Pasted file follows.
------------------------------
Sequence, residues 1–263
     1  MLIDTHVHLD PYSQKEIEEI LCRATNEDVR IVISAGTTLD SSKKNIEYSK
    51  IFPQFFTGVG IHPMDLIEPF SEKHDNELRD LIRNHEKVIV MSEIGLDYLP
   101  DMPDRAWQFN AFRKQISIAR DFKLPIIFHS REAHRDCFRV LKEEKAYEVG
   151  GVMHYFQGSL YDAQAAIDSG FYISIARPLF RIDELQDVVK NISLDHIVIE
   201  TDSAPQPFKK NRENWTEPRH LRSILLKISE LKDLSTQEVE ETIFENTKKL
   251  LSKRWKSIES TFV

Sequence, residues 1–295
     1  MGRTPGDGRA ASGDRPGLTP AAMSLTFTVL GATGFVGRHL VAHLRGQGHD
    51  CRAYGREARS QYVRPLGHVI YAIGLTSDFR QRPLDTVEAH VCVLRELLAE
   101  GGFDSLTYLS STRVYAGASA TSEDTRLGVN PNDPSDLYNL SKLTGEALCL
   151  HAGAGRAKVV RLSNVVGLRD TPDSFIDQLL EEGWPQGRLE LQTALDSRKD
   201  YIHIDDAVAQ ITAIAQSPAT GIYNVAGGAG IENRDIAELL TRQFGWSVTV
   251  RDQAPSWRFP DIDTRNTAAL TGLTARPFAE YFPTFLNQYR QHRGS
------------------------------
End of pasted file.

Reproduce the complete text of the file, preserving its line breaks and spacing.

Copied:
Sequence, residues 1–263
     1  MLIDTHVHLD PYSQKEIEEI LCRATNEDVR IVISAGTTLD SSKKNIEYSK
    51  IFPQFFTGVG IHPMDLIEPF SEKHDNELRD LIRNHEKVIV MSEIGLDYLP
   101  DMPDRAWQFN AFRKQISIAR DFKLPIIFHS REAHRDCFRV LKEEKAYEVG
   151  GVMHYFQGSL YDAQAAIDSG FYISIARPLF RIDELQDVVK NISLDHIVIE
   201  TDSAPQPFKK NRENWTEPRH LRSILLKISE LKDLSTQEVE ETIFENTKKL
   251  LSKRWKSIES TFV

Sequence, residues 1–295
     1  MGRTPGDGRA ASGDRPGLTP AAMSLTFTVL GATGFVGRHL VAHLRGQGHD
    51  CRAYGREARS QYVRPLGHVI YAIGLTSDFR QRPLDTVEAH VCVLRELLAE
   101  GGFDSLTYLS STRVYAGASA TSEDTRLGVN PNDPSDLYNL SKLTGEALCL
   151  HAGAGRAKVV RLSNVVGLRD TPDSFIDQLL EEGWPQGRLE LQTALDSRKD
   201  YIHIDDAVAQ ITAIAQSPAT GIYNVAGGAG IENRDIAELL TRQFGWSVTV
   251  RDQAPSWRFP DIDTRNTAAL TGLTARPFAE YFPTFLNQYR QHRGS